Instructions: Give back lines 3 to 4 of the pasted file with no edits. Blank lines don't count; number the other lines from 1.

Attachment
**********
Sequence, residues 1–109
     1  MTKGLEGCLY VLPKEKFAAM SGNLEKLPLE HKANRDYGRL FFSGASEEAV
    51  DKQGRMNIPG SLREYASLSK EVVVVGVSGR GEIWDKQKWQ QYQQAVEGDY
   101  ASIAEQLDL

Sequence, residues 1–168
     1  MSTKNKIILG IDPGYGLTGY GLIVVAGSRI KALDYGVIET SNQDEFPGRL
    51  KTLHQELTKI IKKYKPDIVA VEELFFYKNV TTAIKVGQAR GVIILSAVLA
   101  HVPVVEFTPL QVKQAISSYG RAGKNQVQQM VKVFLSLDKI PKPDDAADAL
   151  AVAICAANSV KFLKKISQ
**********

    51  DKQGRMNIPG SLREYASLSK EVVVVGVSGR GEIWDKQKWQ QYQQAVEGDY
   101  ASIAEQLDL